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On Being Bold: Thought Leadership and Why It Is Risk/Reward

iStock_000009913938XSmallBy Melissa J. Anderson and Nicki Gilmour (New York City)

Thought Leadership is creative, progressive and often full of risks as you need your team to follow through on your vision, whether it is the next innovation of a product or just a process that needs to be improved.

“If you’re scared of offending people, don’t be a thought leader,” said Nicki Gilmour, Founder and Publisher of The Glass Hammer at a panel discussion on thought leadership.

The event hosted by Barclays Capital‘s Women’s Initiative Network and the YWCA of the City of New York was entitled “How to be a Thought Leader.” Along with Gilmour, the panel featured Carol Hymowitz, Editorial Director for ForbesWoman, and Barbara Jones, Editorial Director of Hyperion Books and VOICE. The event was moderated by Monica Hanson, Head of Financial Institutions Debt Capital Markets at Barclays Capital.

By the end of the discussion, Hanson summed up what makes a thought leader: freedom from worry about criticism, energy to put your plans in motion, and the intellectual curiosity to think about how the status quo could be better and to come up with innovative new ideas.

Yes, all of these things do describe thought leaders – plus the ability to effectively communicate your ideas and plans.

As Gilmour said, “You do have to have an appetite for risk.”

Sticking Your Neck Out for What You Believe

Convincing others to follow you requires a few key traits – good ideas, good communication skills, and a proven ability to deliver on commitments – credibility. But in the end, it all comes down to risk and respect.

When you take a big risk to put your big idea into motion, your energy and passion and commitment to your idea convinces the people who respect you to come on board, and make that risk with you. When that big risk delivers, they’ll respect you more as a leader. As their respect for you grows, so does your confidence and ability to undertake risky endeavors. It’s a big risk-respect feedback loop.

Not every risk delivers the outcome you intended though. But, as Jones said, “If people know what your point of view is, your authentic voice, your values, they will come back to you.” True leadership takes vision, the ability to see the whole picture. The risk you take sits on a broad spectrum of negative and positive outcomes.

While you may fear the outcome if you fail, Gilmour said, “don’t dwell on it. What if you do really well?”

Leadership in Practice – Risk and Innovation

Risk, respect, communication, innovation – these are all big ideas. And as Hymowitz said at the Barclays Capital panel, “You can’t just be sitting around with grand ideas.” The real risk and respect one gains as a leader comes from putting ideas into practice.

We asked one of our heroes, Marie Wilson, President and Founder of The White House Project, to tell us her thoughts on leadership. She recalled an example of when she took a risk that paid off, affirming her status as a true leader.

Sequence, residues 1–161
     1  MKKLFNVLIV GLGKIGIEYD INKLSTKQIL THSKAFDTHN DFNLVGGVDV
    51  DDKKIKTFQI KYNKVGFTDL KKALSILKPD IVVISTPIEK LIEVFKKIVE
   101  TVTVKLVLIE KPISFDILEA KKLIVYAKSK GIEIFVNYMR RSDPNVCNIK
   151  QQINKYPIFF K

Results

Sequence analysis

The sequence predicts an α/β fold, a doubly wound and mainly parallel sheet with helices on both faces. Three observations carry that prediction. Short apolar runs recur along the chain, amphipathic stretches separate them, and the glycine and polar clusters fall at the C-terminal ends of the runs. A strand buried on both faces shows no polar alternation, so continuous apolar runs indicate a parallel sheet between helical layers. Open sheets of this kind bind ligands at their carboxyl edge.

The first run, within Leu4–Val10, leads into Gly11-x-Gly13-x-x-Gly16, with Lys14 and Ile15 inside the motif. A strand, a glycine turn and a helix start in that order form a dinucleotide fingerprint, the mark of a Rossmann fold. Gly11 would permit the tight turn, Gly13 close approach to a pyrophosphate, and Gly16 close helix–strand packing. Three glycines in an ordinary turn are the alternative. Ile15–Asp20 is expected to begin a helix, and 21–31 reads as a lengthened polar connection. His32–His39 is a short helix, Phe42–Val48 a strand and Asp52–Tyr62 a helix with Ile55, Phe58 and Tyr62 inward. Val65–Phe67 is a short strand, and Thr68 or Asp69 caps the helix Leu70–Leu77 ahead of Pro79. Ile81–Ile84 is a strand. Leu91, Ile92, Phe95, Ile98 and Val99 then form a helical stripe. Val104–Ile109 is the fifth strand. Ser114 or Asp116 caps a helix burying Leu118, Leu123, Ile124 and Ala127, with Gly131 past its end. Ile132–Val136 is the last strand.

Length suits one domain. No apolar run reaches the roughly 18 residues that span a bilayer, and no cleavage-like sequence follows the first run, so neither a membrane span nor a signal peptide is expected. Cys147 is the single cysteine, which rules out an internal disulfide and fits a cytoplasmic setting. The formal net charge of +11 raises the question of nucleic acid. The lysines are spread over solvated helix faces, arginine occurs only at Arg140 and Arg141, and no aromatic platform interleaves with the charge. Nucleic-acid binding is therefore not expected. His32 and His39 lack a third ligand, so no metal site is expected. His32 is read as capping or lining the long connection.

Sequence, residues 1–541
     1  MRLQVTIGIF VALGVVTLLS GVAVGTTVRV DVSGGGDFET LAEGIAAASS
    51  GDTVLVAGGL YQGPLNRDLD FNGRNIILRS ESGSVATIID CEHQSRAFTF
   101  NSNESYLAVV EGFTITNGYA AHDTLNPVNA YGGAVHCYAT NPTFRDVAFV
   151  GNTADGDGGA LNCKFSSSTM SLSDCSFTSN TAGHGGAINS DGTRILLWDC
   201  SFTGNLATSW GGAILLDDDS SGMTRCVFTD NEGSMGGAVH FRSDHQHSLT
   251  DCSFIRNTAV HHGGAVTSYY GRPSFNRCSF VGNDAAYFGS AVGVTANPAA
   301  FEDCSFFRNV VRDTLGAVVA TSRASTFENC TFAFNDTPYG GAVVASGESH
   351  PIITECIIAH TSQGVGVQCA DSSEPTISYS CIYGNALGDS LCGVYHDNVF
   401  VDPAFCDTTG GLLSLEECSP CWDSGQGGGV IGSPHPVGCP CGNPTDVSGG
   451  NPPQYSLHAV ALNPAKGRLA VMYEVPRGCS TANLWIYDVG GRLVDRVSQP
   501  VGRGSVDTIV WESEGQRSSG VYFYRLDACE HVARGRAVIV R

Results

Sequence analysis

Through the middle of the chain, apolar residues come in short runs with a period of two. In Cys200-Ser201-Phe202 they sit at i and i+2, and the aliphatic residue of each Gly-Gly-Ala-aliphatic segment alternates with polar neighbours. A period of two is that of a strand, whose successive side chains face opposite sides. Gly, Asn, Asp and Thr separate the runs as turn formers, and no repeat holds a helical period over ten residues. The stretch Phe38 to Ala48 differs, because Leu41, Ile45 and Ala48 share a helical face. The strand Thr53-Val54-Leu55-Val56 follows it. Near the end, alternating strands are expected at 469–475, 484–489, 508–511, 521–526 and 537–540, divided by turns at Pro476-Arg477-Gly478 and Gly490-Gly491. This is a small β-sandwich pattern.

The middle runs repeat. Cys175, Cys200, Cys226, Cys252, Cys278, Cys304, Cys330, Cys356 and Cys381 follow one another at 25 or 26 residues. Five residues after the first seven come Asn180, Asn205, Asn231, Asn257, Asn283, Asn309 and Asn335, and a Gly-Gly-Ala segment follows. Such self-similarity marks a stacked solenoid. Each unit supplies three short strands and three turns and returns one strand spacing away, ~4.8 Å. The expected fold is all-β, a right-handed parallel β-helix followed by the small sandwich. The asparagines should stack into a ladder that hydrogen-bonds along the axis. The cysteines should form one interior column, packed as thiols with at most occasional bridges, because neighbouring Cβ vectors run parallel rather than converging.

She said, “Over 12 years ago, when we launched The White House Project, we convened a group of thought leaders from various fields to help us with how we tackled our mission to advance women’s leadership, especially in politics. We convened a group of thought leaders: Kathleen Hall Jamieson, former Dean of the University of Pennsylvania’s Annenberg School of Communications; playwright Wendy Wasserstein; and George Stephanopolis were among the group. Kathleen was clear that we had to ‘change the perception of women as leaders.’ This general direction set our work on a trail of a cutting edge thought leadership concept, beginning with consultant Tom Cosgove’s idea of a ballot that would be broadly distributed and that would feature twenty diverse women who could be president. Americans would be asked to ‘vote’ for their choice, and the winners would be featured on the front of Parade Magazine.”

She continued, “This venture was cutting edge because it took a multidisciplinary approach that is now de rigeur in our current 24-hour news cycle, with blogging and social media being the way that most people under 35 get their news. But over a decade ago, this endeavor involved innovation, risk taking, using the media and taking on the many critics who said how embarrassed women would be to see themselves on such a ballot.”

But they took the risk, and did it anyway. Wilson explained, “Trusting in our own thought leadership, and Kathleen Jamieson’s mandate that the perception of women leaders needed to be changed, we did it anyway, and it started a national conversation about women, the presidency and leadership. In the end, the only disgruntled folks were the women who called to ask why they were NOT on this ballot.”

Wilson said she’s proud of the risk they took – even over a decade later. And it’s certainly changed the game for women in leadership. She said, “Since then ‘thought leadership,’ pushing the envelope, paying attention to trends, and coming up with new ways of framing issues affecting women and girls, have been some of the most effective ways to use new thinking to change the perception of women leaders in this country.”

She concluded with a note about the value of new technology for spurring innovation and building leaders:

“This has been a movement that I have been a part of, and that I now see is fueled by the incredible opportunities blogging and connecting to constituencies via social media has opened up. The conversation about women leaders can be constant, and our thought leadership about how to achieve a critical mass of women in leadership across sectors in this country can be disseminated wider than we ever imagined when we started TWHP. From now on thought leadership is tied in to technological innovation in the media and I for one, am grateful for the opportunity to be a part of it!”